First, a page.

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Would you risk the stock market for £400,000?

Would you risk the stock market for £400,000?

Category: Investments

This article was correct at the time of publication. It is now over 6 months old so the content may be out of date.

It's becoming increasingly difficult to secure decent returns on cash savings these days, yet we all know that investing in cash is the safest option. But would you risk that level of security for the chance of a £400,000 profit? It certainly sounds tempting, and as figures from Fidelity International show, it may be worth the risk for those with the right appetite.

30-year returns

Fidelity's analysis looked at how average funds have fared over the last 30 years, and the results may surprise you. For example, if you invested £10,000 in an average UK savings account in 1986, their calculations show that your pot would now be worth £28,196.

This sounds like a pretty decent return, until you see what could have happened had you invested that same £10,000 in the stock market: if you'd have put it in the FTSE All Share your pot would now be worth £121,466, while if you'd invested in the FTSE 100 you'd have £126,867, and those who invested in the FTSE 250 would now have an impressive £265,035.

But the returns could be even greater had you invested in an actively-managed investment fund rather than simply following a UK index. For example, £10,000 in the Fidelity Special Situations Fund in 1986 would be worth £401,868 today, while the same amount invested in the BlackRock Continental European fund would now be worth a whopping £427,181 – nearly £400,000 more than if the money had been held in an average cash savings account over the same 30-year period.

How's that for a payoff?

"If anyone is unsure about the benefits of investing in the stock market over stashing cash under the mattress, especially over the long term, then our calculations highlight just how rewarding investing can be," said Tom Stevenson of Fidelity International. "On a 30-year time horizon – a realistic investing timescale for many people – simply investing, holding on and reinvesting dividend income can lead to really impressive returns."

The calculations also show that you don't need to be investing ridiculous sums of money to be able to benefit from stock market investment, and if you choose your funds wisely, the effects of compound interest really can see your returns snowball –all from just £10,000.

Be prepared

Of course, you need to make sure that you've got that kind of money to play with, and that you wouldn't lose everything should the funds not perform as well as you'd hoped. There's no guarantee when it comes to investing and there's a very real chance that you could end up with less than you put in, but remember that if you see it as a longer term investment, there's a better chance of being able to ride out any volatility in the market.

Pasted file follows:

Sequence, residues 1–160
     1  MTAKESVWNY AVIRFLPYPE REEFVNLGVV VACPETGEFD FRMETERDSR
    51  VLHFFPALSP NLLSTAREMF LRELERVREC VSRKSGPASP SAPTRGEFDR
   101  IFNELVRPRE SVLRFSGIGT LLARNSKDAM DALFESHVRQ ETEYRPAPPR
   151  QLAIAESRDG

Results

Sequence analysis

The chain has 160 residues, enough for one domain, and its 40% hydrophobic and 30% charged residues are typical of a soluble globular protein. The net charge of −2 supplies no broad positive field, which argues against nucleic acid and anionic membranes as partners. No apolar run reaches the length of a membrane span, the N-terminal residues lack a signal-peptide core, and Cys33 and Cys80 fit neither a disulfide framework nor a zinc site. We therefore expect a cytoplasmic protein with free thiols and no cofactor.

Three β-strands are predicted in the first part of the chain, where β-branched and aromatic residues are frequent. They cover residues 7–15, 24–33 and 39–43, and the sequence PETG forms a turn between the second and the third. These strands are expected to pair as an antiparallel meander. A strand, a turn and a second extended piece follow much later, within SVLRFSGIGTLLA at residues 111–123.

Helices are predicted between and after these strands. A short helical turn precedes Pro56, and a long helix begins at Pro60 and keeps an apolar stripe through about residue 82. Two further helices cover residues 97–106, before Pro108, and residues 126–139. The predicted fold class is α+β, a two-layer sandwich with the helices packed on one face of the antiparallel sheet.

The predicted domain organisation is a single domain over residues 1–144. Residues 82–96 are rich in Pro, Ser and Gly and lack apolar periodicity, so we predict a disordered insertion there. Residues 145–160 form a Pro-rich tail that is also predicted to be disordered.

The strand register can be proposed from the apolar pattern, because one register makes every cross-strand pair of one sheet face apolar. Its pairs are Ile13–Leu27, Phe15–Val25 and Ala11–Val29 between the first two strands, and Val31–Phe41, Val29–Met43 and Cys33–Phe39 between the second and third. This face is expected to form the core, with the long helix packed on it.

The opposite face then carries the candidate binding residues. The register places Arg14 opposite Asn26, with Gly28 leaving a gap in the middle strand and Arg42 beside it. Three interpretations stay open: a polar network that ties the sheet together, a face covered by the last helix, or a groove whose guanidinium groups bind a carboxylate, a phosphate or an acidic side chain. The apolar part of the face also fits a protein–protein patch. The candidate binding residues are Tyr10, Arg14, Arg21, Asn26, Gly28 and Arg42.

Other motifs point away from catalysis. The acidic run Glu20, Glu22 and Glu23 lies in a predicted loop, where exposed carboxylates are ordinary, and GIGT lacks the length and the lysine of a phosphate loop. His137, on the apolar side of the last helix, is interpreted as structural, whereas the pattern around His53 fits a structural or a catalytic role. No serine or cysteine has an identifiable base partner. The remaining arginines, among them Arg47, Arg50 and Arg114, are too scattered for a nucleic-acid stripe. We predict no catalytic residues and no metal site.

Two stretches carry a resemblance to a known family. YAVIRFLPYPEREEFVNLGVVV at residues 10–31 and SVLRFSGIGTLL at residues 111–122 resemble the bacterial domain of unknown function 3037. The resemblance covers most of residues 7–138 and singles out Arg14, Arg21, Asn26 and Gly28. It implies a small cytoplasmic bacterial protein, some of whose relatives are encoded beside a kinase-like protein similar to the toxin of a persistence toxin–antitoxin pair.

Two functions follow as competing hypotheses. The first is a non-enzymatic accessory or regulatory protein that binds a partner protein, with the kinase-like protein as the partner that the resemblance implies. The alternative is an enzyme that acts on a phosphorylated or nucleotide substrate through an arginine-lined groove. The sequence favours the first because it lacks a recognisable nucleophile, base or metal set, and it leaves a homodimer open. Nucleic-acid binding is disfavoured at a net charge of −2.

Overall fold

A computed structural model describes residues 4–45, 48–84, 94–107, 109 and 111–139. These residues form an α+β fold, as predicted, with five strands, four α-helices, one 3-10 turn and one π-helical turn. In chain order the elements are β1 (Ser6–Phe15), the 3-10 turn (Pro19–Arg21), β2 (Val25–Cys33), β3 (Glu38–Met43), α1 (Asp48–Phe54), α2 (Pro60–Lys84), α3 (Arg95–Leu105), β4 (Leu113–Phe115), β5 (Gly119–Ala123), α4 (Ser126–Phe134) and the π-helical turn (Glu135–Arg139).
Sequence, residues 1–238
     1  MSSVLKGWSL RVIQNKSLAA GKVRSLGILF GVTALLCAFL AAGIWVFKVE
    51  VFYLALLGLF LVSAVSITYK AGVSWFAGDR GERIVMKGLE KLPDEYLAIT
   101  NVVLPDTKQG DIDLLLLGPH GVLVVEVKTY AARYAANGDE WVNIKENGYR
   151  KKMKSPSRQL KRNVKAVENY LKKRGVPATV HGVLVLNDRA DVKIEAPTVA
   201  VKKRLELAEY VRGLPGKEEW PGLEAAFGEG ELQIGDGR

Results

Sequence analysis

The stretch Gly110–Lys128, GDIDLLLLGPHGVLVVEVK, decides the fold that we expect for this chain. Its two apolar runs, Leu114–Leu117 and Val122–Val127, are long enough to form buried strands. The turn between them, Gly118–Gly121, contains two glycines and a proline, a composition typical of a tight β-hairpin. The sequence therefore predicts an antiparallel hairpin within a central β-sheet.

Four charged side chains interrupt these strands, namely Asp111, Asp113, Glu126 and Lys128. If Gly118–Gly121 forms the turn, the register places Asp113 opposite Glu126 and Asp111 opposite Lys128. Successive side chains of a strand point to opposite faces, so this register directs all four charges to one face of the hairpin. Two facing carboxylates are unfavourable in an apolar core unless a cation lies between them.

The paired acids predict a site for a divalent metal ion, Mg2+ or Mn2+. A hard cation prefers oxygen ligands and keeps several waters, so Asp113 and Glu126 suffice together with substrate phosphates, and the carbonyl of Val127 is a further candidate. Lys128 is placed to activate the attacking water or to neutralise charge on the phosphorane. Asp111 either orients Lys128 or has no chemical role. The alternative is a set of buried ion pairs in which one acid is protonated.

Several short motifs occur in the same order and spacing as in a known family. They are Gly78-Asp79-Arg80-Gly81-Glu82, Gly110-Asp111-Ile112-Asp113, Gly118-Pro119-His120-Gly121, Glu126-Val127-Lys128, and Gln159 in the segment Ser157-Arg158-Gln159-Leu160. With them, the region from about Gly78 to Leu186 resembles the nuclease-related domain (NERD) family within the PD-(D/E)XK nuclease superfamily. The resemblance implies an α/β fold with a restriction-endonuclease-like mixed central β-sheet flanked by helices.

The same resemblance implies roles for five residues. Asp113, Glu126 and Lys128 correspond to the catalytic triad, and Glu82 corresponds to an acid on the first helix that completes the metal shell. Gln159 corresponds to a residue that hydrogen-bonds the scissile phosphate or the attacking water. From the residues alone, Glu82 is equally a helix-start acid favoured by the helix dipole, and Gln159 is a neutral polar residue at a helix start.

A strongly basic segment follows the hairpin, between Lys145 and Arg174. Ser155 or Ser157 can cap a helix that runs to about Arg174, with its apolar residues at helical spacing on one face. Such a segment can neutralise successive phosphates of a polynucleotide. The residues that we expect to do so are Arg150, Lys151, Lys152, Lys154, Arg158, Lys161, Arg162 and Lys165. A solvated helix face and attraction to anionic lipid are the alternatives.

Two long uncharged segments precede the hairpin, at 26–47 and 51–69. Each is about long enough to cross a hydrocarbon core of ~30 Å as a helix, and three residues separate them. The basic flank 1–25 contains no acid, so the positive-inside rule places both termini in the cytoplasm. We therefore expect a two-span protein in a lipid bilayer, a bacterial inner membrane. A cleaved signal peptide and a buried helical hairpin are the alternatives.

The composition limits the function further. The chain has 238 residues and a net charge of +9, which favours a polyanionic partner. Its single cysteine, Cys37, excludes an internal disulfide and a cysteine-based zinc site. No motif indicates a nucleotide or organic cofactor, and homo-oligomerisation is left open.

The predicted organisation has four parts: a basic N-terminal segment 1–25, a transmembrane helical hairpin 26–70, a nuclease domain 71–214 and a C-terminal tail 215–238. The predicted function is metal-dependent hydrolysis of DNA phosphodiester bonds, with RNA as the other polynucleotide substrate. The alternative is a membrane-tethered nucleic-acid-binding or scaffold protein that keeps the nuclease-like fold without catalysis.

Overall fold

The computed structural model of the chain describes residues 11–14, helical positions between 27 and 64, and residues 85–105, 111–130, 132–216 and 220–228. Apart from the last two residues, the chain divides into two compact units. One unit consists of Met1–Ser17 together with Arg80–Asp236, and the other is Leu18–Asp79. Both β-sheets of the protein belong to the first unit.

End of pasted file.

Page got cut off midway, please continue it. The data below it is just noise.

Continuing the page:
However, while investing in the stock market could pay dividends for those who are prepared for the extra level of risk, it certainly won't be right for everyone. Cash is still king for many – understandably so – and there are still ways that you can beat the odds and secure great returns.

Indeed, recent research from money expert Paul Lewis found that cash could actually beat the stock market if you play it right. The key is active money management: if you always aim to open the top-paying savings account and are ready to switch to the next one once your fixed rate deal comes to an end, you could soon see your savings snowball.

Or, for those who are looking for something in the middle, opting for a stocks & shares cash ISA could be a solution. These come with more risk than investing in cash but less than if you invested in the stock market outright, and if you opt for a fund that comes with a capital guarantee (these are few and far between, but they are out there), you can at least be sure you won't lose money.

What next?

The prospect of an extra £400,000 may sound appealing, but you need to be confident that stock market investment is right for you. Make sure to seek financial advice before you take the plunge, and if you're in any way unsure, opt for a best buy savings account instead.

Disclaimer: Information is correct as of the date of publication (shown at the top of this article). Any products featured may be withdrawn by their provider or changed at any time.